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Man imprisoned on false charge of heroin trafficking

Imagine spending over a month in a jail cell for possession of laundry detergent. That is exactly what one Florida resident had to endure earlier this year.

The officer on duty attempted to pass off a large quantity of laundry soap as heroin, using it as evidence to initiate an arrest. This situation raises some important questions about your rights in an accusation as devastating as this one.  

What led the officer to search the vehicle?

The detergent was inside the man’s van, where he was sleeping when an officer came to check it out. Reports of a suspicious vehicle prompted the investigation, and it was at this time that the officer discovered the supposed heroin.

Though the specific details of this incident are still unknown to the general public, you should be aware that no one can search the inside of your vehicle in the absence of probable cause. In this case, probable cause may have been valid if the officer saw the heroin-like substance from where he was standing. If there was no evidence to suggest that the man had committed a crime, however, it would have been within his rights to refuse the officer’s search request.

If the cop is asking for permission, it is likely that he or she does not have sufficient cause to look inside. You do not have to grant access if you do not want to.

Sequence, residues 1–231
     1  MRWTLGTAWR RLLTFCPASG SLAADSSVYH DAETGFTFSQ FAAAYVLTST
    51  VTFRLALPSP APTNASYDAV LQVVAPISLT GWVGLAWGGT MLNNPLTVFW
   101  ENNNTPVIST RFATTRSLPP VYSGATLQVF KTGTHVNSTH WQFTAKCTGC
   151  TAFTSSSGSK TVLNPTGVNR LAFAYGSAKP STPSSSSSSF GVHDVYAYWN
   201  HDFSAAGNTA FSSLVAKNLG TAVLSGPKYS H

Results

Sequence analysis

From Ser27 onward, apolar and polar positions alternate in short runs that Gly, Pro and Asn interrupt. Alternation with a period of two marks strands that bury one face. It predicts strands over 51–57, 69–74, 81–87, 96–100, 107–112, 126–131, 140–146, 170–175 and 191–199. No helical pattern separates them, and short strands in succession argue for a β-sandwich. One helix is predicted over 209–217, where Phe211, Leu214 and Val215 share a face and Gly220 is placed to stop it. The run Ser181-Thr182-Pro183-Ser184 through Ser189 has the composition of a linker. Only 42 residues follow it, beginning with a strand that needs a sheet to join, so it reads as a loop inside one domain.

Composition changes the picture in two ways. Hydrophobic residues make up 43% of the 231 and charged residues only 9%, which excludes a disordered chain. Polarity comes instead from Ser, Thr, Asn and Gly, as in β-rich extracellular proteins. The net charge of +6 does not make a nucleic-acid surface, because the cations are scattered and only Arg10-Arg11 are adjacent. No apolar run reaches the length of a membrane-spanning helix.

What test did the officer claim to perform?

In addition to discovering the detergent, the officer insisted that a field test demonstrated that the substance was heroin. Because evidence later proved that it was detergent, the officer clearly lied in order to secure enough grounds for arrest.

It is easy to become overwhelmed in a situation like this and second guess what you know to be true. Though the man may have been sure that the detergent was not heroin, the falsified drug test may have been enough to instill doubt in his mind. He may have wondered if he had come into possession of it by mistake. This hesitance alone can often create the perception of guilt.

Though unfortunate, it is possible for police officers to make mistakes with traffic stops or unlawful searches. Whether these mistakes are due to neglect or malevolence, you can minimize the impact of the consequences by knowing your rights and fighting back when someone violates them.

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